Tourists traveling to Spain, Portugal, Italy, France and Belgium have been warned of strike-related disruptions

UK holidaymakers planning to travel to Belgium, France, Italy, Portugal and Spain are being warned of possible disruption as various flights are set to be canceled due to strikes.

Ryanair cabin crew in the five European hotspots are set to go on strike, with Belgium the latest to announce strike plans which could affect British airmen – the first date set for this Friday June 24. Low-cost airline boss Michael O’Leary has warned the chaos will continue “throughout the summer” and passengers should prepare for a “less than satisfying experience”.

It comes as the UK has already faced weeks of disruption that has plagued the travel industry, with many airlines canceling thousands of flights due to staff shortages caused by job cuts during the coronavirus pandemic. On Monday, around 30 flights carrying up to 5,000 passengers at Heathrow Airport were canceled due to baggage handling issues.

READ MORE: Bristol airport arrests as ‘tearful passengers’

Mr O’Leary added: “This problem is going to persist particularly at airports like Gatwick and Heathrow throughout the summer. It will be worse at weekends and better during the week. There are hundreds of thousands of jobs in the UK that are frankly British workers don’t want to do.These problems won’t be solved until we start allowing people to do the work.

Earlier this month in Belgium, he also said: “We operate two thousand five hundred flights a day. Most of these flights will continue to operate even if there is a strike in Spain by a Mickey Mouse union or if Belgian cabin crew unions want to strike here.”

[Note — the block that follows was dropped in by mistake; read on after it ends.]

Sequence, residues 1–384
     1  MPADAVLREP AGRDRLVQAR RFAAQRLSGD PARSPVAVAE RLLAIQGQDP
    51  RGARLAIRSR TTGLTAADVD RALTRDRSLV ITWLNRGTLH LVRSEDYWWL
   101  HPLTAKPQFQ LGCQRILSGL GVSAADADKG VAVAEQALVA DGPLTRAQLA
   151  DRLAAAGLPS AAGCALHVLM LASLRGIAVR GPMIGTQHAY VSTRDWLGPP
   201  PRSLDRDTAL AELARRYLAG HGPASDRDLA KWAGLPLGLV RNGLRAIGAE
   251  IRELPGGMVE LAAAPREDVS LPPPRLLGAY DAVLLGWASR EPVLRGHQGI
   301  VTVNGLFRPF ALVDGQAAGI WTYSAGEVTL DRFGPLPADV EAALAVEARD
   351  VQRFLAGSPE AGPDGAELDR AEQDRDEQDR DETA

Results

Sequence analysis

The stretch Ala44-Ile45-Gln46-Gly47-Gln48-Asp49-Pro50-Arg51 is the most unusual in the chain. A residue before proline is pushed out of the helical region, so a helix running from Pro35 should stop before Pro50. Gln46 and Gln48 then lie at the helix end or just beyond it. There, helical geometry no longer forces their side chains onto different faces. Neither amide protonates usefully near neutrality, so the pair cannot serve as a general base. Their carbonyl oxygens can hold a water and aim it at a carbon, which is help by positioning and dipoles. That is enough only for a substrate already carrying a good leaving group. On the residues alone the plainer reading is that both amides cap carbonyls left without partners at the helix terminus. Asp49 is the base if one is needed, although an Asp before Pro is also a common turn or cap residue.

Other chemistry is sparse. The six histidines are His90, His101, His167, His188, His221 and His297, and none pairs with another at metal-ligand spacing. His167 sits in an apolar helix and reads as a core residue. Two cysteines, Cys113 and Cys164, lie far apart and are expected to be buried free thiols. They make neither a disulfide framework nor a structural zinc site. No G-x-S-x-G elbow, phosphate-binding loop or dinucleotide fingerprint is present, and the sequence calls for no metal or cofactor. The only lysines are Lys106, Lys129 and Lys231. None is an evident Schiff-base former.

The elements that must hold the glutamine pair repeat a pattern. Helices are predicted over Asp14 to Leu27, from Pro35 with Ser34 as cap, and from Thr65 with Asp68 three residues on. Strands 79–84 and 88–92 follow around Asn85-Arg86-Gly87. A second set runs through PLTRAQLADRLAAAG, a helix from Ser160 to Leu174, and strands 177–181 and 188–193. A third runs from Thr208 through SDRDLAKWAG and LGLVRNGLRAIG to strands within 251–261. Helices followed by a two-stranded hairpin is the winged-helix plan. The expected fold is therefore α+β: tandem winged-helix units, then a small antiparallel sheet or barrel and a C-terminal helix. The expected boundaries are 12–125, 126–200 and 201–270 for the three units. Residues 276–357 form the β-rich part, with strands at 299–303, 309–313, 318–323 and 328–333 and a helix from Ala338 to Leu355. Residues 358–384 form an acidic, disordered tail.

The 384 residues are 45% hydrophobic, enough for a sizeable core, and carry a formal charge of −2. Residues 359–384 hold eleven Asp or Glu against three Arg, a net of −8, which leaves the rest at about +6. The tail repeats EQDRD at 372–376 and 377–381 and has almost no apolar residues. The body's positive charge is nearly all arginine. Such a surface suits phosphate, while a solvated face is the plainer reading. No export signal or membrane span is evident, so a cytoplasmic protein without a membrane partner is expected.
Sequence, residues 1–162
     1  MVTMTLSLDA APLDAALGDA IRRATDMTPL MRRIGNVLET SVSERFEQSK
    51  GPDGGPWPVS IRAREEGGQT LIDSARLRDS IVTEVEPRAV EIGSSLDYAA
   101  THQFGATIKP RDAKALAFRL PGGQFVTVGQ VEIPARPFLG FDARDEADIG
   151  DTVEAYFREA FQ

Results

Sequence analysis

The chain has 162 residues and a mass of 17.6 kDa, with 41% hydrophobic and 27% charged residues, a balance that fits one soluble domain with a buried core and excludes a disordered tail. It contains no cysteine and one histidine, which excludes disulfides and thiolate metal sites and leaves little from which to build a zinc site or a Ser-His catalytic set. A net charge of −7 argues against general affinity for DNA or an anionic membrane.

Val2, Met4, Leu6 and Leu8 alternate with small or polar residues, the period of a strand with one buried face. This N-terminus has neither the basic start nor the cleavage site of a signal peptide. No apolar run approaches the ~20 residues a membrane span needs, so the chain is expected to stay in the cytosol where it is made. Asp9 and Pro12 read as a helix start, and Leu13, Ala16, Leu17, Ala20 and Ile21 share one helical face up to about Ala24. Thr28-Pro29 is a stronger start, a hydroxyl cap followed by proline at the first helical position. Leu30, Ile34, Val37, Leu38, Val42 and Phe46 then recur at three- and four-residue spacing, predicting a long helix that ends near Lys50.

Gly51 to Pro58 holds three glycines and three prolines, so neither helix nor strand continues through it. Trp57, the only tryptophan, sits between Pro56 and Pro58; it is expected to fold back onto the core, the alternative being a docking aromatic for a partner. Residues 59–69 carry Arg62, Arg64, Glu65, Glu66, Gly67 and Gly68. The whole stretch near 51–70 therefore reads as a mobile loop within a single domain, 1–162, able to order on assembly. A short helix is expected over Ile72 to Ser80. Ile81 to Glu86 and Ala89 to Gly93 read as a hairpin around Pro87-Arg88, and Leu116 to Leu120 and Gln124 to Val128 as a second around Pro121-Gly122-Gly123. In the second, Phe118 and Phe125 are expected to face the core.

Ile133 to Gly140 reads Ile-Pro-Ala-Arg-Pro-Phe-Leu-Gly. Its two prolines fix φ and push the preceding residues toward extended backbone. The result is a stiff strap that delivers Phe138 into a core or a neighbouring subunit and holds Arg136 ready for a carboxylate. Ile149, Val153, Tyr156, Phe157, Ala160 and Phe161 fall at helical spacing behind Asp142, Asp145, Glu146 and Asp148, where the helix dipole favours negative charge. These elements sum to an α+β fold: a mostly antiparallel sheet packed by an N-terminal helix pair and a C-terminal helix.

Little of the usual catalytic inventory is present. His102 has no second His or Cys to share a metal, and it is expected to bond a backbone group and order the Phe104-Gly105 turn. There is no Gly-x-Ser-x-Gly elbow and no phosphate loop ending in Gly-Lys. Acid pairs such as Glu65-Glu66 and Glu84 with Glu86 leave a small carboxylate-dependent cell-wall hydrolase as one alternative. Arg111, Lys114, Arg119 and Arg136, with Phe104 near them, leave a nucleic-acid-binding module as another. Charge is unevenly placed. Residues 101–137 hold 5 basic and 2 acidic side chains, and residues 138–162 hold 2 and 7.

Michael O’Leary, Chief Executive of Ryanair

A Ryanair spokeswoman said: “We do not expect widespread disruption this summer. These minority union strikes are not supported by our crews.”

EasyJet cabin crew in Spain are also set to go on strike for nine days next month at the height of the summer holiday season. The low-cost airline’s staff is set to come out in three phases in July – between July 1-3, July 15-17 and July 29-31.

EasyJet’s walkout was organized by Spanish union USO, with news of the strike breaking just days after the tour operator revealed it would cut around 11,000 flights from its summer schedules. EasyJet’s Spanish crew receive a basic salary of €950 a month (£816), the union said, which excludes bonuses and supplements. However, the union said it wanted a 40% increase in the base pay of low-paid cabin crew.